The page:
Briar Cliff University Professor Jeff Gard could not be more passionate in his belief that a liberal arts college education sets a person on a path to adaptive success as they move through life.
Gard asserts that college students who steep themselves in liberal arts courses will exit the graduation ceremony with a broad mind frame, which will serve them well in a world where they may shift jobs or careers since “there are no more straight paths anymore.”
“If you have that broad base, you can adapt with the times,” said Gard, who is in his sixth year as a professor for writing courses at BCU. “Versatility is a valuable skill. At the end of a liberal arts education, a Briar Cliff graduate will succeed. They will figure it out.”
Gard is the chair of the Arts & Humanities Department, a position he assumed three years ago after a redesigned department, which includes courses in english, writing, literature, Spanish, music, and art. The team of professors in the Arts & Humanities Department includes five full-time professors, one half-time professor, and some periodic adjunct instructors.
Gard said the Arts & Humanities Department professors have a collegial relationship where they can boost others and discuss challenges that arise in the department. He said his prior professional career in the business world armed him with lots of expertise in process improvement, which Gard said serves him well in working with colleagues.
“I had no ambitions to be the chair, but due to faculty turnover, I fell into the role,” he said, adding that it is healthy to have changes in department chairs, so fresh ideas can emerge to best serve BCU.
Students leaving with a degree from the department are versed in becoming technical writers, journalists, and visual designers, along with working in public relations, content development, and as translators.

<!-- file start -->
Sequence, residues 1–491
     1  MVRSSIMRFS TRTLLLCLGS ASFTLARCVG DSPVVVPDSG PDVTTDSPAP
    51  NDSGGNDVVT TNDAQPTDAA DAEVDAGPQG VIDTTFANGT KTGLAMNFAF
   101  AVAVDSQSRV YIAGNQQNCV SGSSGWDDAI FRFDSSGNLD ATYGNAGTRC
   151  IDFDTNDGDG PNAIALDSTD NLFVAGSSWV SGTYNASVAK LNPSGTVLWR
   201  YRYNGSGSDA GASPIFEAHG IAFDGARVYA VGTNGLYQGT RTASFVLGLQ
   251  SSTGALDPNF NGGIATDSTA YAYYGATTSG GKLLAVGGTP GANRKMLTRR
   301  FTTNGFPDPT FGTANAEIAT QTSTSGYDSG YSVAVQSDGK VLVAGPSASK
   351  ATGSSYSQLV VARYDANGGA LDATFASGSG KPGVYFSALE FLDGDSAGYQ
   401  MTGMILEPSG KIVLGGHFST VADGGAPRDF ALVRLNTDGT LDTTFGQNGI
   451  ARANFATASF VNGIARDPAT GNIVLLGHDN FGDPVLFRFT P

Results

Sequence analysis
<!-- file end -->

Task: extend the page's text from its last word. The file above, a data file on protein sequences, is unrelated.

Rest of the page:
As for himself, Gard initially worked as a print journalist for a few years, then moved into technical writing. He does fiction writing in addition to his professor role and remains very enthusiastic when writing students discover the subject matter that they can’t wait to write about.
“I think I can teach students the practicality of writing," he said. "I want them to find a topic that they are passionate about. I don’t think one size fits all."
Gard’s early life and academic path centered around a 50-mile radius of Chicago and southern Wisconsin, where he was raised. He attended private schools, then earned his undergraduate degree in journalism from Trinity International University. His first experience at a public institution came with a master’s degree from Northern Illinois University.
He has long been sold on the value of private educational institutions.
“A private school is more intimate,” Gard said. “Private universities are always about community and relationships.”
Gard said that is very true at Briar Cliff, where students benefit from small class sizes and professors frequently have an open-door policy of being accessible to students.
“You can really get to know your professors and build a personal relationship. I don't know that you get that in larger universities,” he said.
Gard teaches many freshmen in writing classes and genuinely relishes that “I am one of the first faces they are going to see.”
He added that the proof of the strength of the professor-teacher relationship at BCU is seen on both sides of the equation, as former students will stop by as upperclassmen to catch up, while the group of professors at May commencement ceremonies are beaming to see so many graduates they came to know.
This is part of a series of Faculty Stories profiling all the chairs of BCU academic departments in 2023.